The momentum continues to build for the League of Women for Community Service and their long-vacant building on Chester Square – landing a $400,000 Community Preservation Act (CPA) grant to get the historic rehabilitation going on their grand old headquarters.
The City’s Community Preservation Committee (CPC) met on Feb. 11 to review all of the new applications, and the League was granted $400,000 as part of the Historic Rehabilitation category. That garnered more momentum for the organization which made a very optimistic and exciting presentation to Chester Square Neighbors on Feb. 3 at that group’s monthly meeting.
“We are just really thrilled,” said Executive Director Gina Gomes Cruz. “I’ve been with the League since 2018, but I’m with these women who have been here many, many years and decades. I am thrilled and they are thrilled with getting this grant. For them, being here so long, this was a very important time for them and a sign of a new leaf being turned. Because we are a non-profit, it’s a lot to maintain a building like this one. The nature of Brownstones in Boston is that it falls apart. It’s a difficult material to maintain…To get the grant, it gives us this optimistic feeling for the future.”
The grant will partially fund the rehabilitation and restoration of the outside of the 1857 home, which was built by Richard Carnes – an influential luxury wood important who also used the home as a stop on the Underground Railroad.
The grant project will focus on stabilizing repairs to the masonry, Brownstone façade at the 558 Massachusetts Ave. building.
“We will be focusing on the façade with the grant,” she said. “That’s what people see first when they approach and that’s important.”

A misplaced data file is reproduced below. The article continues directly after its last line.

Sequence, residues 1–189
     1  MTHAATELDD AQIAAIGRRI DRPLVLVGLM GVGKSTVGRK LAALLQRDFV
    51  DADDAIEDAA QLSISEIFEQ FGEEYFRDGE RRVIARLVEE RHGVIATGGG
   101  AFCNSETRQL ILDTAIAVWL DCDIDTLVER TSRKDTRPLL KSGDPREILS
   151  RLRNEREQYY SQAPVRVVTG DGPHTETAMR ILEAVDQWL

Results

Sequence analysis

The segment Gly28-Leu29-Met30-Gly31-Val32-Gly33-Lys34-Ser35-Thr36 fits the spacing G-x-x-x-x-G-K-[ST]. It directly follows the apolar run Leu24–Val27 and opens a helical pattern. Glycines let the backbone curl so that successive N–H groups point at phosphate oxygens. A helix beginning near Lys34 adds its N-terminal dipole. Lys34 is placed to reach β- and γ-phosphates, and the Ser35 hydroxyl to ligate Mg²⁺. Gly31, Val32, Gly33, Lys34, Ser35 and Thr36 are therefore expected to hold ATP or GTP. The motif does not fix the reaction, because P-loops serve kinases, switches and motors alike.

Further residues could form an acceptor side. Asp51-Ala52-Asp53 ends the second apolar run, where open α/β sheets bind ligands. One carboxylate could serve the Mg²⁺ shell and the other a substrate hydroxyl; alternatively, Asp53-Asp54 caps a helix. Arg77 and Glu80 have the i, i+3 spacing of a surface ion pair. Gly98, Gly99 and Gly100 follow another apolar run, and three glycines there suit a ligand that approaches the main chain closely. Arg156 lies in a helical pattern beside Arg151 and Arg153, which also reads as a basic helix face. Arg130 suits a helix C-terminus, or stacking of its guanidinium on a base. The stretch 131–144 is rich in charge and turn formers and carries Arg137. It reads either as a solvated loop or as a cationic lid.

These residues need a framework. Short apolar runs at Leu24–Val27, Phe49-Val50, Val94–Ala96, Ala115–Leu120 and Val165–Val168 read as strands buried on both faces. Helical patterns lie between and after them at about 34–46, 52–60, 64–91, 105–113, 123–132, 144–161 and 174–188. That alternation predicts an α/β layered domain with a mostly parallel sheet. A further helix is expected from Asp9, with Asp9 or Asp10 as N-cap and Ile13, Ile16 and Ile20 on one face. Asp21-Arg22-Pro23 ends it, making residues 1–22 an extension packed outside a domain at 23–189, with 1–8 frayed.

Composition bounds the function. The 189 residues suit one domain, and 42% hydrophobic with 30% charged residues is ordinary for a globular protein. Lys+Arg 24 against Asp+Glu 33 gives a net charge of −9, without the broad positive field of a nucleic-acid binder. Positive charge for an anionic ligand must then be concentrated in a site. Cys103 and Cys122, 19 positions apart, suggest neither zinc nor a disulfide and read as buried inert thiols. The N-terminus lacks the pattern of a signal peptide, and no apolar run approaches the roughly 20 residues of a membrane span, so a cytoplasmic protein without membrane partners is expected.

The entire repair and reconstruction of the building, Gomes Cruz said, would cost about $3 million. With design and other soft costs, it is estimated to cost about $5 million in total.
The interior is in very good condition, in part because the roof was recently replaced and any water leak damage was stopped and repaired. The interior is said by member Adrienne Benton to be one of the most intact homes left in the South End from its original construction due to the fact it was not used as a residence after the early 1900s, when the League was founded there.
The League was a hub of activity in Boston’s Black community from 1920 to the 1970s. There were recitals, poetry readings, functions and fraternal meetings there frequently. After World War II, many Black women attending universities in Boston lived at the League as they were not permitted to live in student housing due to their race. At that time, Coretta Scott King was attending the New England Conservatory and living at the League. It is believed that Martin Luther King Jr. often came to the home to take her out on dates after they met in Boston.
The grant is still contingent upon a vote of the City Council and the signature of the mayor, which are both expected.